New Sources of SPAM! (3, Funny)

happy_place (632005) | more than 5 years ago | (#27780401)

This SPAM was brought to you by a heart monitor!

Mabey it just wasn't a good time to upgrade? (5, Funny)

Chasmyr (1261462) | more than 5 years ago | (#27780419)

"Hi it says I need to upgrade my RAM, what is that?"... "RAM is a part of your computer, if you have more of it, you can expect it to run faster... tell me what your computer is running and I'll see if I can help you out."... "Uh, right now the computer is running Bob's heart and lungs for him."

"A patch was released..." Big freaking deal! (2, Insightful)

Anonymous Coward | more than 5 years ago | (#27780439)

The article says "A patch was released by Microsoft last October ..." The availability of a patch doesn't mean squat. Before a patch can bve installed on medical equipment, the hardware vendor has to validate the patch. In other words, the vendor has to test the ever loving crap out of the software to insure it does not conpromise patient safety.

The fact that cornflicker got on life safety and mission critical systems at all raises the question of why anyone would use a consumer grade operating system for mission critical systems or for life support systems. At a minimum, these systems should have been running Unix or Solaris. Vx Works or Linux are also good, but require a higher level of computer engineed to implement.

This is just plain lunacy.

Swine flu? (5, Funny)

Sockatume (732728) | more than 5 years ago | (#27780471)

So, we have Conficker infecting hospitals now. And meanwhile, after Conficker's payload goes live, there's a massive outbreak of swine flu. And conficker spreads spam... spam is a pork product... COINCIDENCE?!

Re:Swine flu? (1)

angelwolf71885 (1181671) | more than 5 years ago | (#27780853)

in that case congriss has had swine flu for a long time..

fail (0)

Anonymous Coward | more than 5 years ago | (#27780615)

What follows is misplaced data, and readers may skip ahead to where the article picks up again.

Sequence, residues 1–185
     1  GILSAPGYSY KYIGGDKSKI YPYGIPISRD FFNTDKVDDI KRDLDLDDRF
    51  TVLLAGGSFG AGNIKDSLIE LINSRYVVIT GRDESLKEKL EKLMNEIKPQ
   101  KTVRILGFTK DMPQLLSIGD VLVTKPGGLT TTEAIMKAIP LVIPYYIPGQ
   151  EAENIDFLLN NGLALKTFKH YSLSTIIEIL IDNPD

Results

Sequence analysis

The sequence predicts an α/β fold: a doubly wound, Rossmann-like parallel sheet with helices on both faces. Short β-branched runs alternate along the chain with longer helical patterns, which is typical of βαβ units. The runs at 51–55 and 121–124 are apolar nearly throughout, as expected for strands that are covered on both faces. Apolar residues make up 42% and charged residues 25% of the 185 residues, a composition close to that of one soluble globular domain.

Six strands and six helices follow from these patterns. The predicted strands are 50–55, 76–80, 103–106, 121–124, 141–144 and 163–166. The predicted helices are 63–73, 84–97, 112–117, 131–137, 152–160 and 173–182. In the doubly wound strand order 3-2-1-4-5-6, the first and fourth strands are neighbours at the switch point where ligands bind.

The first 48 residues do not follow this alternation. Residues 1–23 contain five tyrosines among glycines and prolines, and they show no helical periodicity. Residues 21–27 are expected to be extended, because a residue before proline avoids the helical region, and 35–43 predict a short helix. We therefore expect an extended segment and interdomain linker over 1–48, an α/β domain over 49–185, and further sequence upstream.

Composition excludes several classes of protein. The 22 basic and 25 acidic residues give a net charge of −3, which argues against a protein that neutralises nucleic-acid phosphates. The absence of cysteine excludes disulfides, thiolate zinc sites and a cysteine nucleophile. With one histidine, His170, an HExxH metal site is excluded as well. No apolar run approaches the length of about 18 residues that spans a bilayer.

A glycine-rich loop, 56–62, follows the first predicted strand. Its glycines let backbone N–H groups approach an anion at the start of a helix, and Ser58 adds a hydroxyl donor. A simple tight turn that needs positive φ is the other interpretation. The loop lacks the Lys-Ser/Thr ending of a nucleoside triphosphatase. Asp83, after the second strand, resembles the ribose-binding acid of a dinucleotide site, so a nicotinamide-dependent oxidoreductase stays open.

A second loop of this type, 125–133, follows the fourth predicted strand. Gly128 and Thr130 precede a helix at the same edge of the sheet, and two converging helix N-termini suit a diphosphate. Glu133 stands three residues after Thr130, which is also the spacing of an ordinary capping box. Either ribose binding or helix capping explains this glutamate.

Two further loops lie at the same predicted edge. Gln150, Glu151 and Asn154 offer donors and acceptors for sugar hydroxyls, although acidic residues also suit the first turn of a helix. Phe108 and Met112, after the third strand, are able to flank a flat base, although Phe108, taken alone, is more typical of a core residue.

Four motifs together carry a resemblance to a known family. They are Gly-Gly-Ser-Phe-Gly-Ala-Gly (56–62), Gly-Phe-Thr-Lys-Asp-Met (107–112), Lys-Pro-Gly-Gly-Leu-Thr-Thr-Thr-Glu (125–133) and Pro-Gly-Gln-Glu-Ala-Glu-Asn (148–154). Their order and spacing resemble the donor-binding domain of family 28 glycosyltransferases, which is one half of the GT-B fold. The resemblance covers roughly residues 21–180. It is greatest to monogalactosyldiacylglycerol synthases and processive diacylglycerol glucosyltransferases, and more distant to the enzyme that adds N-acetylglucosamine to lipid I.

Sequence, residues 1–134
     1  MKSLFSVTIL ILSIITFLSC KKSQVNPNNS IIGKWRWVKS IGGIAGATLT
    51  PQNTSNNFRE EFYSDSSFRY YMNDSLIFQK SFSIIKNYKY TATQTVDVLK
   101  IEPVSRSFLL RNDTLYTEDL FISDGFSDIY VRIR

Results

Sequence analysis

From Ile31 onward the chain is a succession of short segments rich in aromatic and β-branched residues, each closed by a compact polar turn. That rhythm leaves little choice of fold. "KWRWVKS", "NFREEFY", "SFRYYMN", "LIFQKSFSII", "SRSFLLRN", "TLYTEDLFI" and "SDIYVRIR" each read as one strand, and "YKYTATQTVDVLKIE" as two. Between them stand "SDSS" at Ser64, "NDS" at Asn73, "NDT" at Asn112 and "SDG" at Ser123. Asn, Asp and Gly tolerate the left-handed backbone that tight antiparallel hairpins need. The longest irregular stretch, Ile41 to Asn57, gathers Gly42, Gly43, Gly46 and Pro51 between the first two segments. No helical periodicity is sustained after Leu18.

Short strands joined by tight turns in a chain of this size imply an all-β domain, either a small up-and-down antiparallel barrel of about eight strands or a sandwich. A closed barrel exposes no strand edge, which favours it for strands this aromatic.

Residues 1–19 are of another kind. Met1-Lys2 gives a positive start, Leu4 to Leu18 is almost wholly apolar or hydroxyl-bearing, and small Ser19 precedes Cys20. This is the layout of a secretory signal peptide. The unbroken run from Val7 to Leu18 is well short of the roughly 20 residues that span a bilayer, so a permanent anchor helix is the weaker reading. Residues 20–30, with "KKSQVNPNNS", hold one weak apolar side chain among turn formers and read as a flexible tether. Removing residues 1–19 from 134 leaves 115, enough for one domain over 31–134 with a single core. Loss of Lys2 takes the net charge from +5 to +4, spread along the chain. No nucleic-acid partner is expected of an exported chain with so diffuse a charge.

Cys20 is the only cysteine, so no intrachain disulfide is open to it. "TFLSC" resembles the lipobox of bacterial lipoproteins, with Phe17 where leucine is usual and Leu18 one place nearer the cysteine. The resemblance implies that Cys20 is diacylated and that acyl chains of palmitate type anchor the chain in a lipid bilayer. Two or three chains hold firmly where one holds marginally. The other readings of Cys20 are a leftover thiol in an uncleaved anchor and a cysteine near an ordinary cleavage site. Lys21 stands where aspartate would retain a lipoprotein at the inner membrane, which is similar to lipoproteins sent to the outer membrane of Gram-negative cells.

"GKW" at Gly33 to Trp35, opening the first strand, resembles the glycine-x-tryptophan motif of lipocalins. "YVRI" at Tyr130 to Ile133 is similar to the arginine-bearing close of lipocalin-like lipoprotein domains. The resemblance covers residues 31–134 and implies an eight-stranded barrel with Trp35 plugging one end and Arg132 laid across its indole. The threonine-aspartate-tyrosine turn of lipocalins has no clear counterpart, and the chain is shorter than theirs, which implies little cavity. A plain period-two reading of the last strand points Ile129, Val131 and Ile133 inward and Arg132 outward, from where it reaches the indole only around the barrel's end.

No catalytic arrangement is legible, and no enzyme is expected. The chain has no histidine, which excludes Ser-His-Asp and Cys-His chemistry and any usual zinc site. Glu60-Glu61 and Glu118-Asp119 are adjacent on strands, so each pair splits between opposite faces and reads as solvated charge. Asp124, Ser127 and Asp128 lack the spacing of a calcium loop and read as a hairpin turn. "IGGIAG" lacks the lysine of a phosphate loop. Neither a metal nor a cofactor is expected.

$tupid fail

Windows market share (1)

Me! Me! 42 (1153289) | more than 5 years ago | (#27780701)

Kind of makes you wonder what percentage of the prestigious Windows market share is special purpose devices like this (or mundane devices like cash registers.) I know Case equipment (CNH) uses WinCE on almost everything. At least that is pared down to the essentials.
In any case this seems like lazy engineering if the item is vulnerable to viruses.

The question (4, Informative)

thePowerOfGrayskull (905905) | more than 5 years ago | (#27780707)

The question here is this: did the sub-human wankers who created this ever consider this possibility? Now that it's happened, do you think they give a shit? Is there a chance that someone is saying, "Gee, maybe this wasn't such a good idea..." right about now?

Re:The question (0)

Anonymous Coward | more than 5 years ago | (#27781301)

There are most likely many people behind the virus. The ones who programmed it most likely experience some psychological trauma if someone dies, but the ones deploying it and using it for business purposes most likely dont give a shit

-Dreen

I am jack's... (0)

Anonymous Coward | more than 5 years ago | (#27780861)

...Complete lack of surprise.

I work with some hospital software ... Recently, a bittorrent client was found on the main server of one of our products. We have very strict protocols regarding product installation and media creation which just goes to prove, once again, the weakest link is the luser.

Removable Drives (3, Informative)

Samah (729132) | more than 5 years ago | (#27781015)

As I unfortunately found out yesterday, one of the more common ways the virus spreads is through removable drives. If autorun is enabled for removable devices (which it is by default, and no MS basher responses please), Windows will load autorun.inf straight away, infecting you.

A work colleague brought over a USB stick with some music on it, which I happily acquired, along with Conficker. For some retarded reason the resident shield was disabled. After we received an email about it, I noticed this and re-enabled it. I didn't realise I had the virus until this guy came over again with some more music and the AV software exploded in my face with a nice "warning conficker detected and removed" message. Of course that meant "removed from the USB stick" and not "removed from the PC".

Virus scans would no longer run, and I couldn't access most conficker-removal-related websites unless I went through a proxy. Incredibly, the Microsoft Malicious Software Removal tool worked a treat. After using that, rebooting, and disabling autorun in the registry, it's gone.

I blame partly myself for not disabling autorun (security lockdown on these work PCs is ridiculous; I would have had to ask an admin to do it), and for whoever disabled my bloody resident shield.

I hinted to our admin that I wanted Debian instead, but that didn't go down well. :)

tl;dr version: Conficker is bad, mmkay.

Keep the hospital network away from the Internet (1)

madmod (988136) | more than 5 years ago | (#27781397)

Let's assume that the hospital equipment can't be patched enough or in a timely-enough manner to make it safe enough to use with the Internet. To me it's obvious: don't ever allow connections to the Internet in any way.

Totally Unacceptable (1)

nurb432 (527695) | more than 5 years ago | (#27781411)

Critical medical equipment should never have been even remotely connected to anything not 100% secure.